This is a short section, but filled with glory and promise.  It basically starts off with the idea  that we are joint-heirs with Christ, v. 16, and that nothing at any time or place can separate us from the love of God which is in Christ Jesus our Lord, v. 39.  Paul takes us from eternity past when God “foreknew” us, that is, chose us, not just foresaw that we would choose Him, all the way into eternity future, where we will be “glorified,” that is, all the barnacles of sin, disease, frailty, fallenness, the Curse, will be taken away from us, and we shall be like Him, for we shall see Him as He is, 1 John 3:2.  A happy day that will be indeed.  Paul says that in the purpose of God, it’s already as good as done.

6.  Explanation, chs. 9-11.

Paul’s exclamation in 8:39 that nothing can separate us from the love of God might have brought up the question, “Well, yes, but what about Israel?”  After all, she crucified her Messiah and, for the most part, had rejected Him.  The church center, as it were, had moved from Jerusalem to Antioch and the church was rapidly becoming more Gentile than Jewish.

There is a large portion of Christendom which says, “Yes, God is done with Israel.  Her sin has indeed separated her from the love of God, and she is undergoing His judgment.  Individual Jews may certainly be saved, and are being saved, but the nation itself is done.”

This is the farthest thing from Paul’s mind.  Reminding his readers of the privileges Israel had enjoyed, 9:1-5, privileges given to no other nation on earth, Paul pointed that there had always just been a remnant according to the election of grace, 11:5.  There had never been a time when the entire nation had followed God.  Further, Israel had indeed been given up as a nation, but that setting aside was only temporary, 11:25.

One of the strangest expositions of these chapters I’ve ever heard centered around 11:12.  A brother interpreted it like this: “Now if their [Israel’s] fall is riches for the world, and their [Israel’s] failure riches for the Gentiles, how much more their fullness!”  He simply would not or could not accept that “their fullness” referred to Israel as much as the two phrases he marked as theirs.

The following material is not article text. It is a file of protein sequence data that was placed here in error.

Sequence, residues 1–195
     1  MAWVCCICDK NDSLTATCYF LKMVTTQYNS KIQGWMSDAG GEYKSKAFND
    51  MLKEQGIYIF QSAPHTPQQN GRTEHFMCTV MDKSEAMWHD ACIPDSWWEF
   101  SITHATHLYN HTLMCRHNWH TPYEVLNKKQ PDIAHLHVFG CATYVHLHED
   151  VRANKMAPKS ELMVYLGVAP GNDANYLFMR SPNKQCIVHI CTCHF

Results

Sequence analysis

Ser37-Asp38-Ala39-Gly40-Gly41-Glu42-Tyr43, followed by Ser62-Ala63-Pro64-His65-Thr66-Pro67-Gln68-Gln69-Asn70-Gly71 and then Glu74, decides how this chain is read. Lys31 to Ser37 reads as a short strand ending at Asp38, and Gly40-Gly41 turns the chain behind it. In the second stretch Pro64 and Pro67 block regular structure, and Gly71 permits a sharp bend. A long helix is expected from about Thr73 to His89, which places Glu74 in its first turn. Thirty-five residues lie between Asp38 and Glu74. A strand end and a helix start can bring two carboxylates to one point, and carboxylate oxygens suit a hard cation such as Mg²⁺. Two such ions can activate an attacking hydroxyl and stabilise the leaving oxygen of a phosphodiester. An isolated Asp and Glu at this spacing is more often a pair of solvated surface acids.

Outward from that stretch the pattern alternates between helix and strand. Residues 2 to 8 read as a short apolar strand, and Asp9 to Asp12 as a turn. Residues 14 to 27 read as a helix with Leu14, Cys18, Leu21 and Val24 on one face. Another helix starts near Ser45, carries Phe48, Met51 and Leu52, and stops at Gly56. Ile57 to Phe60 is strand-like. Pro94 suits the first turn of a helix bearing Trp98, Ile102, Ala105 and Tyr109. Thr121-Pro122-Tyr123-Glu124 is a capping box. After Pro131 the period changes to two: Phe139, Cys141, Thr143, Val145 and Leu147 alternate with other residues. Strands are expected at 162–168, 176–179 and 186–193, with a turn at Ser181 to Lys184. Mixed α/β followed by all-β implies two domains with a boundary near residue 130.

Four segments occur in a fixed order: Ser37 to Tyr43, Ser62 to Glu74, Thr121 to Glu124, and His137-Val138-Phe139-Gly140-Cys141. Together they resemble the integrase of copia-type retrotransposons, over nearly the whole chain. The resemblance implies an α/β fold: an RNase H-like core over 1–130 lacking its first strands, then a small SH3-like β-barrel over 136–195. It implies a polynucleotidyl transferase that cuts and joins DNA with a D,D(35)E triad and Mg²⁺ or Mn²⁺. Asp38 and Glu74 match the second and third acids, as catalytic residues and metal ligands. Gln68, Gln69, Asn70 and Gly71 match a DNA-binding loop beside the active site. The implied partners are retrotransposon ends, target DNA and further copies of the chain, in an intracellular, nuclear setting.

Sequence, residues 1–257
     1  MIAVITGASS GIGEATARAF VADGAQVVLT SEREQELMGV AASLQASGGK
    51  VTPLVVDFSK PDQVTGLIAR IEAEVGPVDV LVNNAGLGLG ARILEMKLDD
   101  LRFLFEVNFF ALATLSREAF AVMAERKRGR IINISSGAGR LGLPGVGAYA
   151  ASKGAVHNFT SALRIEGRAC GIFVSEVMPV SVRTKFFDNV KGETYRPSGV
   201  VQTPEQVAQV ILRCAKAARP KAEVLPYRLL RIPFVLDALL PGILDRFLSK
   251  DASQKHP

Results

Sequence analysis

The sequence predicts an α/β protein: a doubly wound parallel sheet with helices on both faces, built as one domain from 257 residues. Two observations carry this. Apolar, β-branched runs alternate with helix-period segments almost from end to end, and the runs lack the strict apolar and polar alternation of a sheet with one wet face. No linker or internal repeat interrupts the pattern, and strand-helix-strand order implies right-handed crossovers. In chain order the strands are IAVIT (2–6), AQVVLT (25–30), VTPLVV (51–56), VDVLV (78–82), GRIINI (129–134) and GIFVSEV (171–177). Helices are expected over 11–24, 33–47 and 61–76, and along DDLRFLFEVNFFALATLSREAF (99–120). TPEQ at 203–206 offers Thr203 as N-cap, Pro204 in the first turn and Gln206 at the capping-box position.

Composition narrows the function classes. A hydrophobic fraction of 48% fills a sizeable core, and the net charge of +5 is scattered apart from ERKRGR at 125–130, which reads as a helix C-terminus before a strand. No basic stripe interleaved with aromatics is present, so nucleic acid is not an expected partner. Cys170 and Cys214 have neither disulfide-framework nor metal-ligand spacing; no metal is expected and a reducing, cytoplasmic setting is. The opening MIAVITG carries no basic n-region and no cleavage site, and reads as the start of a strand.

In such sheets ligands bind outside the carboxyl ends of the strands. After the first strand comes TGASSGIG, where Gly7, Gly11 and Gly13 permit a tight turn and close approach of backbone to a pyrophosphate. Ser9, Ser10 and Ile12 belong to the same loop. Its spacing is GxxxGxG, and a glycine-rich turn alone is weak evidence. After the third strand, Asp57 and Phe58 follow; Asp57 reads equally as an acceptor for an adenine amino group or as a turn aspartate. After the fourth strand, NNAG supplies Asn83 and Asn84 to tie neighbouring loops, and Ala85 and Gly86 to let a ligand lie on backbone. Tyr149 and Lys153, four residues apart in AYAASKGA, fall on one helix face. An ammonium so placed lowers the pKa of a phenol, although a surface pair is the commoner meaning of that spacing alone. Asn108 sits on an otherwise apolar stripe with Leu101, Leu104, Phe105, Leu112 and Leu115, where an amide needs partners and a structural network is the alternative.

11:26, And so All Israel will be saved,… he interpreted to mean “spiritual Israel,” that is, saved Jews and Gentiles who make up “the church.”  According to this interpretation, it has nothing at all to do with the nation of Israel.  Such views, in my opinion, entirely miss what Paul was saying.  Now, Paul didn’t mean that every single Jew will be saved, as this brother seemed to think my view required, but only that every single Jew alive as the time when this verse comes true, will be saved.

The prophetic books of the Old Testament are filled to the brim with descriptions of what “their fullness” will be like.

7.  Application, chs. 12-16. 

Having answered possible questions about Israel’s future, as well as our own, with all the blessings that will happen there, he then brings us back to the present.

Because, “there” isn’t here, yet.

He lists various responsibilities believers have.  The motivation for serving God.  Our attitude toward government, especially in the areas of taxation.  How to deal with those who haven’t arrived at our understanding of Christian liberty.  There’s material here for much study.

He closes with his plans and desire to visit them, sends greetings to various members of the church and finishes up with a benediction ending with the phrase, to God, alone wise, be glory through Jesus Christ forever.  Amen. Romans 13:27

So, you see, “the Gospel” has a much grander scope than often imagined.  And our few words are by no means exhaustive of its treasures.  In fact, I’m not sure we’ll ever get beyond its grace and glory, even “over there.”

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One thought on “The Gospel According to the Book of Romans

  1. Wow! That’s a great overview of the book of Romans. I learned much from your few words.

    The gospel is indeed so much more than “getting people saved.” (Besides, we weren’t commissioned to “go make converts,” but rather to “go make *disciples*!”)

    \o/